Daniel Rossen: Silent Hour/Golden Mile
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Daniel Rossen: Silent Hour/Golden Mile

Within the context of Grizzly Bear, Daniel Rossen plays the traditionalist, sharing Van Dyke Parks’ knack for ornamental layering, but never obscuring that there’s an actual song under there. Isolated on his first solo release, this core strength becomes even more apparent. The five tracks that make up Silent Hour/Golden Mile aren’t wildly different than those he’s impeccably assembled with Grizzly Bear (and many of them began as potential Grizzly Bear demos) or his psychedelic Tin Pan Alley project Department Of Eagles. There’s the same dazed romanticism to his melodies, the same jazzy, graceful lilt to the way they carry themselves. But here they sound even more naked, built primarily from spare acoustic guitar strums or simple piano chords, then recorded in echoing rehearsal spaces with only a smattering of guest collaborators. 

That vulnerability colors the record with a sense of loneliness, even in its livelier moments. “Silent Song” and “Golden Mile” are both built on picking-up-the-pieces sentiments and sweeping, sea-shanty rhythms—Rossen most readily recalls Elliott Smith in his affinity for the waltz—but they’re interrupted by a wistful, George Harrison-esque guitar slide that cuts through the swagger like a sudden painful memory. “Return To Form” builds to a surprisingly cocky glam-rock breakdown that Marc Bolan would dig, but it’s just a brief release from the thick tangles of fingerpicked guitar, and lyrics in which Rossen begs the listener to “find the peace that you deserve,” far from the madding crowd.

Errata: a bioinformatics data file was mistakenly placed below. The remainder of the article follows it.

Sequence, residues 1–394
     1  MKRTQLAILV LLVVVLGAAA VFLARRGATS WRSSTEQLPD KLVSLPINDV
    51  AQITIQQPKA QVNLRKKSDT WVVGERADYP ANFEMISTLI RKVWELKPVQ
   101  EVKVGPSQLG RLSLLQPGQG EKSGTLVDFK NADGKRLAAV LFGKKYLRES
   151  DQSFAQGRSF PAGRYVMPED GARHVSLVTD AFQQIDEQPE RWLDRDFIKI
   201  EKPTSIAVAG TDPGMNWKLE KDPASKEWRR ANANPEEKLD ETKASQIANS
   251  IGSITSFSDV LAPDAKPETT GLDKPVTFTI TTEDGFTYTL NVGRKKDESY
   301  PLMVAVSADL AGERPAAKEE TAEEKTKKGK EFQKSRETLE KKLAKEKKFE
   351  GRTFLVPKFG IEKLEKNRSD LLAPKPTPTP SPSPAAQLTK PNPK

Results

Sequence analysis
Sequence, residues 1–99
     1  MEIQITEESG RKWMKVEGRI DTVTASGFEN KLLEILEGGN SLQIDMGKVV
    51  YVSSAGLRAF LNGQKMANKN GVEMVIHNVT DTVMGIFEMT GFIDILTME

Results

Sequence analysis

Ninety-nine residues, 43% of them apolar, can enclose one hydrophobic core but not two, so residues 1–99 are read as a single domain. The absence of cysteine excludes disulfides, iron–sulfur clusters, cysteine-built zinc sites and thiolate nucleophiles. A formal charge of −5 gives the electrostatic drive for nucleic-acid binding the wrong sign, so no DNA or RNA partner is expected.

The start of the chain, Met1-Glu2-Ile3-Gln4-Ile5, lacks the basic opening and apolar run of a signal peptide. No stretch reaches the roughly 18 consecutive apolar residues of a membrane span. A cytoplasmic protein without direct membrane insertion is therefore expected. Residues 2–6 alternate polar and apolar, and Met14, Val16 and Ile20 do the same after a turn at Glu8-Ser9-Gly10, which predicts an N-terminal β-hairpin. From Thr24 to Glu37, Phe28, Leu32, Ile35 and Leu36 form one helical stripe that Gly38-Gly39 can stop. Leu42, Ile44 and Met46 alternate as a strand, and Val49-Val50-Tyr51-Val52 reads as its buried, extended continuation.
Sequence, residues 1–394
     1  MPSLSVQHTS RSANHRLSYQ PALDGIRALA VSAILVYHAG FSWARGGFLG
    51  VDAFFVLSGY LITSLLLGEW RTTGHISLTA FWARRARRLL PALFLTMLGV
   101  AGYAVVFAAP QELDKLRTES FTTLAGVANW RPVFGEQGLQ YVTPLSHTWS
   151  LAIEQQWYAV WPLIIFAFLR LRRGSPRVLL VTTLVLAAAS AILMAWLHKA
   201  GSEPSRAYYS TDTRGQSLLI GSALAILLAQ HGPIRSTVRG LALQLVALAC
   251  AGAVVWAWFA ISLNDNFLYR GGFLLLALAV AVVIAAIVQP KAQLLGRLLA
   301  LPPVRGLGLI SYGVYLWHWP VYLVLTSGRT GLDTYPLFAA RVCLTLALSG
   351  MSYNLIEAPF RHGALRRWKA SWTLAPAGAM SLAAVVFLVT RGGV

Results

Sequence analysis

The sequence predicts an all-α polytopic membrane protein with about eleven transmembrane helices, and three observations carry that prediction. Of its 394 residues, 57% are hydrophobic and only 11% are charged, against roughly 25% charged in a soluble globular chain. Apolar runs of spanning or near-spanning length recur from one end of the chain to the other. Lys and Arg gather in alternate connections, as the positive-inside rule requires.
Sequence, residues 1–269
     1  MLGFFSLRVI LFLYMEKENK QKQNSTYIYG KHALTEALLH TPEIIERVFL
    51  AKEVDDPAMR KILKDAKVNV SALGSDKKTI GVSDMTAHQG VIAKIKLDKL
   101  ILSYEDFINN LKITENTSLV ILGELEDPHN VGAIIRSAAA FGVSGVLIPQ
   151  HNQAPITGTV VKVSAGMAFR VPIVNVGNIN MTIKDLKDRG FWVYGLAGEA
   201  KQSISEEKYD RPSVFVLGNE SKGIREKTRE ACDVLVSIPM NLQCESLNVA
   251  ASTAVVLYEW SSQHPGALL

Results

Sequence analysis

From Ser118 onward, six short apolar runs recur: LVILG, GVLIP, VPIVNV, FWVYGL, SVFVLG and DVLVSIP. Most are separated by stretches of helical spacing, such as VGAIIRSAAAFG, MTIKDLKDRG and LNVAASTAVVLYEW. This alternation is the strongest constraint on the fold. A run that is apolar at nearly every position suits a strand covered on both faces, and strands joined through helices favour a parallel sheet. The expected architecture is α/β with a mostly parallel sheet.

His plea echoes the refrain of opener “Up On High,” in which Rossen offers, “In this big empty room / You finally feel free to sing for me” as a thesis statement for the whole record—written, Rossen says, as a way of finding himself again after getting lost in the touring machine. He crawls deepest inside that hermetic stillness on the bare, beyond-plaintive piano ballad “Saint Nothing,” as woodwinds and smoky brass answer his own quietly mournful tenor. And it’s here, at his most alone, that Rossen proves he can stand on his own. 

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